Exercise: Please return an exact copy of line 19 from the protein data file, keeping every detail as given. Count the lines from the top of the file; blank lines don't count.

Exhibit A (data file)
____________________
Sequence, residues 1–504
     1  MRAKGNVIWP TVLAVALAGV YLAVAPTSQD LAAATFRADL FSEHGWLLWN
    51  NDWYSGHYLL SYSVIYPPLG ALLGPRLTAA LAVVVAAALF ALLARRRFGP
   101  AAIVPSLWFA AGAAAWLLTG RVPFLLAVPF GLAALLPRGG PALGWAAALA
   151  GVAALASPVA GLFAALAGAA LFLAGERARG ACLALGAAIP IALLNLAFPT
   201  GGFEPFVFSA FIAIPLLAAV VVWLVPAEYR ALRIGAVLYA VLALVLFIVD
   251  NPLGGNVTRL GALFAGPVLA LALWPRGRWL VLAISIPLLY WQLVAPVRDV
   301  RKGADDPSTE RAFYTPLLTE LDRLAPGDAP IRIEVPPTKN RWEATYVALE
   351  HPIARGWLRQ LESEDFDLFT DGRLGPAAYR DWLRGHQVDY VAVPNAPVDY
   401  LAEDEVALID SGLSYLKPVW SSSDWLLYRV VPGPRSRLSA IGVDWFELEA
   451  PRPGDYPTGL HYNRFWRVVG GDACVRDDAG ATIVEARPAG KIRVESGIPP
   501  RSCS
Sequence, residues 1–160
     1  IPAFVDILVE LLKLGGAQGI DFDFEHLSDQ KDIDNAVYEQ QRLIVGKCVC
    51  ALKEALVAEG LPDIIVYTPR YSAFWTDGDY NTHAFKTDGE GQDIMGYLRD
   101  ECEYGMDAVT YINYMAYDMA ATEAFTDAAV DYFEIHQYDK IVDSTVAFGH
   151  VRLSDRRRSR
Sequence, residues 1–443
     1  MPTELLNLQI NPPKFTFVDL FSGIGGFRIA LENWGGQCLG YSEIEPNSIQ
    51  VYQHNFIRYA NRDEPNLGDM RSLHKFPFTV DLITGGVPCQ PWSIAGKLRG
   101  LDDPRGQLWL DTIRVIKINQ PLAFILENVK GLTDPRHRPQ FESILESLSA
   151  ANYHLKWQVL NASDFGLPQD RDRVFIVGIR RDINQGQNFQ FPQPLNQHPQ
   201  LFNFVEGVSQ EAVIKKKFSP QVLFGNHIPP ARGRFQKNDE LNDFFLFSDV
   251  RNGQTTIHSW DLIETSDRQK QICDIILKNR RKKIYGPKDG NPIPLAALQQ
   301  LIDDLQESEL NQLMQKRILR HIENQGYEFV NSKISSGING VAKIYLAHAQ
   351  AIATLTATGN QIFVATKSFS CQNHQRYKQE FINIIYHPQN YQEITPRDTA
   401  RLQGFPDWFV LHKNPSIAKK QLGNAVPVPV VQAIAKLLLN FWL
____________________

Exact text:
     1  MPTELLNLQI NPPKFTFVDL FSGIGGFRIA LENWGGQCLG YSEIEPNSIQ